Also in attendance at the public forum in Rosendale was Barbara Strnadova, a photographer and dancer who is currently helping to develop a business plan for the joint venture and said that investors and people with fundraising skills are especially needed to get the project off the ground. She praised the abundant studio space available at Anna Devine — which was constructed in 1954 and expanded in 1971 and in sound structural condition following significant investment in renovations during its last years as a public school — and suggested that some of the space might be made available for rental. She also noted the well-maintained site for the school’s garden: “I’d love to rekindle that,” she said.
Saturday’s presentation ended with an appeal to those in attendance: “What would you like to see at the Indigo Arts Academy?” Audience members recalled the controversy that arose in the community over a failed proposal to build a mega-firehouse across the street from Anna Devine, and urged the organizers to do serious outreach to neighbors and taxpayers who might be a little skeptical of the project.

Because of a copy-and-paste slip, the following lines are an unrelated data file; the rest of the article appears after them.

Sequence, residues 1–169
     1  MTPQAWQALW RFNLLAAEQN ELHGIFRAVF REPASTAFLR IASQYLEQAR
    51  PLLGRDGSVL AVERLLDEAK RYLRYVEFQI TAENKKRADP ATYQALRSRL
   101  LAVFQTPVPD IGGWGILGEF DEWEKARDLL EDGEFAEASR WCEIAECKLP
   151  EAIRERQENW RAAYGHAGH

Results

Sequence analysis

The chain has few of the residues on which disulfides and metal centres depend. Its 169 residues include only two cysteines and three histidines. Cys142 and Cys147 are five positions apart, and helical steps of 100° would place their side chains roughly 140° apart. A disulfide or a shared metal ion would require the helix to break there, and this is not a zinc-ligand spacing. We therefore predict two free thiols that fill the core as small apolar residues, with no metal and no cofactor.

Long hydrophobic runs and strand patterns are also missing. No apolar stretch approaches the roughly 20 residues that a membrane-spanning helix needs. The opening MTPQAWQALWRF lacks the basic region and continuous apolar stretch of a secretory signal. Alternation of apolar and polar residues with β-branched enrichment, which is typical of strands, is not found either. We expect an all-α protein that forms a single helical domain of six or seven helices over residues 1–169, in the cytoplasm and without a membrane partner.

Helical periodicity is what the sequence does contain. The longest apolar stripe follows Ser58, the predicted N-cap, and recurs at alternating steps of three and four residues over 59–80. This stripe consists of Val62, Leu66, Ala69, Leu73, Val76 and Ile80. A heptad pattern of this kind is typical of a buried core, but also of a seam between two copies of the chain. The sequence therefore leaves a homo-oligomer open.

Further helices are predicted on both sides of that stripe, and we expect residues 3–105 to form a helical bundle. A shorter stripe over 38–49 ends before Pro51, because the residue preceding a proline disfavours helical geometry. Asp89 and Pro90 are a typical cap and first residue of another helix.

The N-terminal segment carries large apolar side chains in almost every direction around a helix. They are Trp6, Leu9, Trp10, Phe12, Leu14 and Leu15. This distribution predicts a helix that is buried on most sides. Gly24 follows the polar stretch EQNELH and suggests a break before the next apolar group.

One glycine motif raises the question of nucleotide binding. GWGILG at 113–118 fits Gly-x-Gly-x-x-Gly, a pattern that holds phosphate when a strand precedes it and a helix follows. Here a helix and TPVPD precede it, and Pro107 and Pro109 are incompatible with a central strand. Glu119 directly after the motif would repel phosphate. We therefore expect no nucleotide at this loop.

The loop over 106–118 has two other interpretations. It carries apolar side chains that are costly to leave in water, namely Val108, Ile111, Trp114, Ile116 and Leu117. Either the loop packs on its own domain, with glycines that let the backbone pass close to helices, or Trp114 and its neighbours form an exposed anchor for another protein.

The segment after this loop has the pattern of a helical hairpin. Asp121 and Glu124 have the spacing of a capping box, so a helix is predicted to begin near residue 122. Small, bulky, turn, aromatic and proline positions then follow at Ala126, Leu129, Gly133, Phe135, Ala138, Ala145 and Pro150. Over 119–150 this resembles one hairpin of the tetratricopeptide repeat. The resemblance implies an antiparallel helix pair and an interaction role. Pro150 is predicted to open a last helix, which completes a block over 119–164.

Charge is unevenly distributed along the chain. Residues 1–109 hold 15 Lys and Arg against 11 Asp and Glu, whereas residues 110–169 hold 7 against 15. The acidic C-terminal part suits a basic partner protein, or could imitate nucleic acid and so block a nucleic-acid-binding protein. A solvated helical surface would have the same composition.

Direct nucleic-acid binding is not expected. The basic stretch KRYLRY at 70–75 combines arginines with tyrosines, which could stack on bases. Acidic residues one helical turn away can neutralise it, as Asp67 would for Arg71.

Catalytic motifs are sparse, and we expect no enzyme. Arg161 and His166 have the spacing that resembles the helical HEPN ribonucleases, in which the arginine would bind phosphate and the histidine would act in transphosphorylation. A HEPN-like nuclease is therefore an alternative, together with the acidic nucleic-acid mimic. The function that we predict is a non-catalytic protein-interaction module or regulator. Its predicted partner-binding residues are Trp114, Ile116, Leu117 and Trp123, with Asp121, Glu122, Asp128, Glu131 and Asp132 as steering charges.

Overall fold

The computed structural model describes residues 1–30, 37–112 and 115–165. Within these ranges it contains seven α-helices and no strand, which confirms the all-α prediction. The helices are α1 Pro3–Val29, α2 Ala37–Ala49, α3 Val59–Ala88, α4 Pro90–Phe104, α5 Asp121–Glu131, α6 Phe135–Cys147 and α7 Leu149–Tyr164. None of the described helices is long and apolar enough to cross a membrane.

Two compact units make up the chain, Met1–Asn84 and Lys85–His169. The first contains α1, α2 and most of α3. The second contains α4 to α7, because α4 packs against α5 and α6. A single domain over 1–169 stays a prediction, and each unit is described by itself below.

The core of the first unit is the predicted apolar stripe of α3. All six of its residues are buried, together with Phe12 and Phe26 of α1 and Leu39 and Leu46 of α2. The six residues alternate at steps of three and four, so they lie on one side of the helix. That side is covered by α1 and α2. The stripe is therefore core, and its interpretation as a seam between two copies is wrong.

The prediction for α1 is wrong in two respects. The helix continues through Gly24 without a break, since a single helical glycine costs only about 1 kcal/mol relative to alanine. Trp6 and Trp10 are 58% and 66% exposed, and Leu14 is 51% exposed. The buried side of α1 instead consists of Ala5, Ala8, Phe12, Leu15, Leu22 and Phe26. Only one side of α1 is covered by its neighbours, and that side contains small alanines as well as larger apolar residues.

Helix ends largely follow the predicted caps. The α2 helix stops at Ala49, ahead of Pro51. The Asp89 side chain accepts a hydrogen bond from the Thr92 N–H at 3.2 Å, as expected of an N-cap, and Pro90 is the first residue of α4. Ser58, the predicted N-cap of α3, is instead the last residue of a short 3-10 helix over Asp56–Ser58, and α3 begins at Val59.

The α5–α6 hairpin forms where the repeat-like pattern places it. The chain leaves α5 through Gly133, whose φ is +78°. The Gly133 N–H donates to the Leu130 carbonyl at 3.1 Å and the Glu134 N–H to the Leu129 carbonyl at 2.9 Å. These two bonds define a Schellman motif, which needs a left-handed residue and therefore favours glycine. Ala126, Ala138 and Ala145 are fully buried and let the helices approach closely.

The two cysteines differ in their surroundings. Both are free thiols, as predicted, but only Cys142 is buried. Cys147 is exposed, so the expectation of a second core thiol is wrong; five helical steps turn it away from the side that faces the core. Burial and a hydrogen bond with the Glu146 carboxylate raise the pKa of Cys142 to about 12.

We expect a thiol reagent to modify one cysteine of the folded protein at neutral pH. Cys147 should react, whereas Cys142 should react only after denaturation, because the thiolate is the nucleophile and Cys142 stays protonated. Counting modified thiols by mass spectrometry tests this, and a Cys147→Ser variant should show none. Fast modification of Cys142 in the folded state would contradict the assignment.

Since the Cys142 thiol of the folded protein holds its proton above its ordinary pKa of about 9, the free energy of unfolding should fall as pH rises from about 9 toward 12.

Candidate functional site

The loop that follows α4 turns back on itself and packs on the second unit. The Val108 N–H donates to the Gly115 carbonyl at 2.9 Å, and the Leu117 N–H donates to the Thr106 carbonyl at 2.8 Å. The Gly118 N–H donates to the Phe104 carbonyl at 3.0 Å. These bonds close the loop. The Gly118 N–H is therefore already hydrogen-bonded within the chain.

One attendee who identified herself as a public librarian noted the absence of an arts council in Ulster County in recent years, saying, “It would be nice to have a community center where artists could go.” She recommended that the Academy partner with entities like libraries that already offer afterschool programs, rather than compete with them. “We can’t provide everything to everybody. We’re not in competition,” responded Geacintov. Hogarth agreed: “We want to offer something that’s not being offered.”
To find out more about the project or to volunteer, e-mail Stephanie Hogarth at email@example.com or check out the Indigo Arts Academy page on Facebook.